WordReference can't translate this exact phrase, but click on each word to see its meaning:

guard rail

We could not find the full phrase you were looking for.
The entry for 'guard' is displayed below.

Also see: rail


Collins Concise English Dictionary © HarperCollins Publishers::

guard /ɡɑːd/ vb
  1. to watch over or shield (a person or thing) from danger or harm; protect
  2. to keep watch over (a prisoner or other potentially dangerous person or thing), as to prevent escape
  3. (transitive) to control: to guard one's tongue
  4. (intransitive) usually followed by against: to take precautions
  5. to control entrance and exit through (a gate, door, etc)
  6. (transitive) to provide (machinery, etc) with a device to protect the operator
  7. (transitive) to protect or cover (a chess man or card) with another
  8. to protect or cover (a stone or bowl) by placing one's own stone or bowl between it and another player
n
  1. a person or group who keeps a protecting, supervising, or restraining watch or control over people, such as prisoners, things, etc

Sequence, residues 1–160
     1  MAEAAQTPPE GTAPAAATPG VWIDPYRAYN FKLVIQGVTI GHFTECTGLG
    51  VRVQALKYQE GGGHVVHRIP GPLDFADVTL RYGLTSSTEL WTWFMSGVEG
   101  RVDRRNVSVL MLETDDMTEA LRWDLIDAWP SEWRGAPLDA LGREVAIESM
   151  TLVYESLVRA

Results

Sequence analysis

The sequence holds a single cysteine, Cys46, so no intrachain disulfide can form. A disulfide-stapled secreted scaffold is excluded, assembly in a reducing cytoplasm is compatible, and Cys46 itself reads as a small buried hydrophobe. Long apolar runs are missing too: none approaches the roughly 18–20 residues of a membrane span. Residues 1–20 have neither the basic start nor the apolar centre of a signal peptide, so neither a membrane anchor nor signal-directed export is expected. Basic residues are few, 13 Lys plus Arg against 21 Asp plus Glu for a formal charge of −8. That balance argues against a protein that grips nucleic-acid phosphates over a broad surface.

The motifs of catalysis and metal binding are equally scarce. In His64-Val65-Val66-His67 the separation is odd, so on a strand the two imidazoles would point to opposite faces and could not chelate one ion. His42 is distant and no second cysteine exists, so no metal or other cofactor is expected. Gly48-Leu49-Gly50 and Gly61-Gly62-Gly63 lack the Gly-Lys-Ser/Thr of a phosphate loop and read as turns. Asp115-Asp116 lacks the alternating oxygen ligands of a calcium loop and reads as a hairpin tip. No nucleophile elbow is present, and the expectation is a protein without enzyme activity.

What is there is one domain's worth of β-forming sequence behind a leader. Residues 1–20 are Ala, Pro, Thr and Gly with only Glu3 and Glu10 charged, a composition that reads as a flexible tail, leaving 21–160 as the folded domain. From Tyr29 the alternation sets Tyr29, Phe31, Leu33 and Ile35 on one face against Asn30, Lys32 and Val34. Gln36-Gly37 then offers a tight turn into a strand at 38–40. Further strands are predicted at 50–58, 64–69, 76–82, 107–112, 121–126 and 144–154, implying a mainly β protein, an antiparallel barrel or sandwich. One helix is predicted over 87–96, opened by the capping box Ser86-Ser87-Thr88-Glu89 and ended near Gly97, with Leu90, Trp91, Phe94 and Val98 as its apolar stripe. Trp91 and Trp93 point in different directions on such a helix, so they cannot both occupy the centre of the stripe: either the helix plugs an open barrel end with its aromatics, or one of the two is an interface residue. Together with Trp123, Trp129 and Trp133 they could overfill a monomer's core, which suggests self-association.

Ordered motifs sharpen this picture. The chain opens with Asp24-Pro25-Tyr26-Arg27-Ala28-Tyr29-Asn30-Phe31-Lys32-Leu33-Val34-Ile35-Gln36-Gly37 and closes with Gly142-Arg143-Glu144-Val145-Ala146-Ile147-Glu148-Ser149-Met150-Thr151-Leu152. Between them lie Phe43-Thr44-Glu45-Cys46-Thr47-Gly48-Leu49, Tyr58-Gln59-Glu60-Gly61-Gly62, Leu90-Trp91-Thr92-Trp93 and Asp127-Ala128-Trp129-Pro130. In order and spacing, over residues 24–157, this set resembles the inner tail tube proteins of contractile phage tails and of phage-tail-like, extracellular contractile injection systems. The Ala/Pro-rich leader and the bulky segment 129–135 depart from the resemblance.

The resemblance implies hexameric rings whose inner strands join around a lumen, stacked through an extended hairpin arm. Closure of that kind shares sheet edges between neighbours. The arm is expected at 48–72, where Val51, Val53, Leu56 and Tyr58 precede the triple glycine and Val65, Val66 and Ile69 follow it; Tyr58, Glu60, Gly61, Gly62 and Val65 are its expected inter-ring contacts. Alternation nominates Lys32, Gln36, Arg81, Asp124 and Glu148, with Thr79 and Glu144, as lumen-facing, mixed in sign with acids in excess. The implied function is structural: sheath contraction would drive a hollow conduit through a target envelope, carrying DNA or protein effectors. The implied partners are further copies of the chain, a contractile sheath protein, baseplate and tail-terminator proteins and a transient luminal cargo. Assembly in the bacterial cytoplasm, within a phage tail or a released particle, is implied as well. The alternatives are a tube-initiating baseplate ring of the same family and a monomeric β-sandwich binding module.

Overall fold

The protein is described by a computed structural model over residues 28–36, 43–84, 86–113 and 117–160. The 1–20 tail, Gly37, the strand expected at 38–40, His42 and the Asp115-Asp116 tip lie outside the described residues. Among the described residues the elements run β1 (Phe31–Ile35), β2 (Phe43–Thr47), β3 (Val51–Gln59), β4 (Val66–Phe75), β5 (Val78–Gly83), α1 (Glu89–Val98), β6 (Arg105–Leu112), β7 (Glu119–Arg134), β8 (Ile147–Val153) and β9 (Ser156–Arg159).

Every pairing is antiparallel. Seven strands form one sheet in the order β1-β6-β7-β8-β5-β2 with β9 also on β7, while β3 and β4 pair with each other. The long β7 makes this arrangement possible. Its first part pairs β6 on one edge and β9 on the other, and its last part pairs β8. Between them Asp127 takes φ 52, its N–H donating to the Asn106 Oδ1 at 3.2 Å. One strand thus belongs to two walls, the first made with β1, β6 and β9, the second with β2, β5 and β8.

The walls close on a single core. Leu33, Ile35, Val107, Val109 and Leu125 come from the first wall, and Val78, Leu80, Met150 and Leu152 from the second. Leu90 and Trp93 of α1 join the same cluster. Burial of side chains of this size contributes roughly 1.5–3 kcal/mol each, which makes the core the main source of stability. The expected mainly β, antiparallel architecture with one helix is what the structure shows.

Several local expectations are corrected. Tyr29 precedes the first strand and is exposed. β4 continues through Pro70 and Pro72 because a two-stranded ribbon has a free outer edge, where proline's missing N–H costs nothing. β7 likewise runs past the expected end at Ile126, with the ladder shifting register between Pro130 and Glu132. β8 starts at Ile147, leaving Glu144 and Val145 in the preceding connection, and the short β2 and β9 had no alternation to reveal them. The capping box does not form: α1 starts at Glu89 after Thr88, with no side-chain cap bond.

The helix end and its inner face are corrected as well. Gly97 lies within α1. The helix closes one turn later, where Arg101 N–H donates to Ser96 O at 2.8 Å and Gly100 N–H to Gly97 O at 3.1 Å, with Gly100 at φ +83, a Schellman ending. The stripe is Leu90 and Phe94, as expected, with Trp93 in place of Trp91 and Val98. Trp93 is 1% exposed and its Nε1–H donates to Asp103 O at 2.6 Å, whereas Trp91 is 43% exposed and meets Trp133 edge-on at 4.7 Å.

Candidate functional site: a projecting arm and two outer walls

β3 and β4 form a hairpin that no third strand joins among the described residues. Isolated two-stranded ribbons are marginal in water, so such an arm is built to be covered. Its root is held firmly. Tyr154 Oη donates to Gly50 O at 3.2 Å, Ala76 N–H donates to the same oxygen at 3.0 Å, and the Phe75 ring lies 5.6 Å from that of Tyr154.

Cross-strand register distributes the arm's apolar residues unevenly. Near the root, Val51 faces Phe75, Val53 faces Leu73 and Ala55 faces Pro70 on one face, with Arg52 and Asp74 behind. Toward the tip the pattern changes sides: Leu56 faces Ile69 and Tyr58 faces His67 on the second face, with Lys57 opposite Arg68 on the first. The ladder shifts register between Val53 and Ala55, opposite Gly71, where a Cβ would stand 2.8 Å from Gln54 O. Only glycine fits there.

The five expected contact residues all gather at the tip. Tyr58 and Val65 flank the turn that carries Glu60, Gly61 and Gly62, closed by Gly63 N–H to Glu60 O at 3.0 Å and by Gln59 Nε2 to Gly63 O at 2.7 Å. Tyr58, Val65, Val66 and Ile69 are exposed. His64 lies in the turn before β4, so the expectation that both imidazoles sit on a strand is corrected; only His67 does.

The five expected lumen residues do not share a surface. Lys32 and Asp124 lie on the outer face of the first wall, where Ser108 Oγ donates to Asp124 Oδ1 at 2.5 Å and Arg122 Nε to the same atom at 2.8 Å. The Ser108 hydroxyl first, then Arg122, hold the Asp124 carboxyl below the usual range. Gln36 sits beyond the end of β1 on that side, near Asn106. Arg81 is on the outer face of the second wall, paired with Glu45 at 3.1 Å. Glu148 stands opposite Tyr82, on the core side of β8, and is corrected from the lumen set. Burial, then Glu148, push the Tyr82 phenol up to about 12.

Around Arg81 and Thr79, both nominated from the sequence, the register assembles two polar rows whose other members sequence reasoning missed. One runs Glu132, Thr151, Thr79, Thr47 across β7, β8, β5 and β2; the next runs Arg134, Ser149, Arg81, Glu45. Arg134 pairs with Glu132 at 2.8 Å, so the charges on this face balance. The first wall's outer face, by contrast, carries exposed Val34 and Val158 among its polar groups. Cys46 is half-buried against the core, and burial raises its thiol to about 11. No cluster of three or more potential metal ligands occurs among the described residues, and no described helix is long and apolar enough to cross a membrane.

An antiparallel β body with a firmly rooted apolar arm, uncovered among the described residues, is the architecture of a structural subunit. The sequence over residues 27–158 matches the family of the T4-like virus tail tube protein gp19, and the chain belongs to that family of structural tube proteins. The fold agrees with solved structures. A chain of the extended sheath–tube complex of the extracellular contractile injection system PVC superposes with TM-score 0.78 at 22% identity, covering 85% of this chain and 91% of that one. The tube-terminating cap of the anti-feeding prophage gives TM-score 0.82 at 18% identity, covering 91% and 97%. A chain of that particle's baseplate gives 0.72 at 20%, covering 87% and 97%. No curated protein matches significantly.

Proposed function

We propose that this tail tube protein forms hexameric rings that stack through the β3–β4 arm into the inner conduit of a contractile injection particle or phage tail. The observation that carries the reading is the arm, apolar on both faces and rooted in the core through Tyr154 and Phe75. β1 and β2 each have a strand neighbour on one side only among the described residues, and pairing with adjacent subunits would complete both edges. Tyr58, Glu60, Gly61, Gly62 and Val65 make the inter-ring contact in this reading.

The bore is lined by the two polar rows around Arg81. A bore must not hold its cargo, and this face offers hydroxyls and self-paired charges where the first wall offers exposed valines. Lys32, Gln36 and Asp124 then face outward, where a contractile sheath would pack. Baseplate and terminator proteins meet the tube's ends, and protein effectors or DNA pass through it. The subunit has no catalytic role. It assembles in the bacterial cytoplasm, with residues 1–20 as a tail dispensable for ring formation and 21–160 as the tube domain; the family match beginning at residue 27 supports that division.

Related adjective(s): custodial
  2. a person or group of people, such as soldiers, who form a ceremonial escort
  3. Brit the official in charge of a train
  4. the act or duty of protecting, restraining, or supervising
  5. (as modifier): guard duty
  6. a device, part, or attachment on an object, such as a weapon or machine tool, designed to protect the user against injury, as on the hilt of a sword or the trigger of a firearm
  7. anything that provides or is intended to provide protection: a guard against infection
  8. an article of light tough material worn to protect any of various parts of the body
  9. the posture of defence or readiness in fencing, boxing, cricket, etc
  10. off one's guardhaving one's defences down; unprepared
  11. on one's guardprepared to face danger, difficulties, etc
  12. stand guard(of a military sentry, etc) to keep watch
  13. mount guard(of a sentry) to begin to keep watch
  14. (with over) to take up a protective or defensive stance (over something)
Etymology: 15th Century: from Old French garde, from garder to protect, of Germanic origin; compare Spanish guardar; see ward

ˈguarder n



Download free Android and iPhone apps

Android AppiPhone App
Report an inappropriate ad.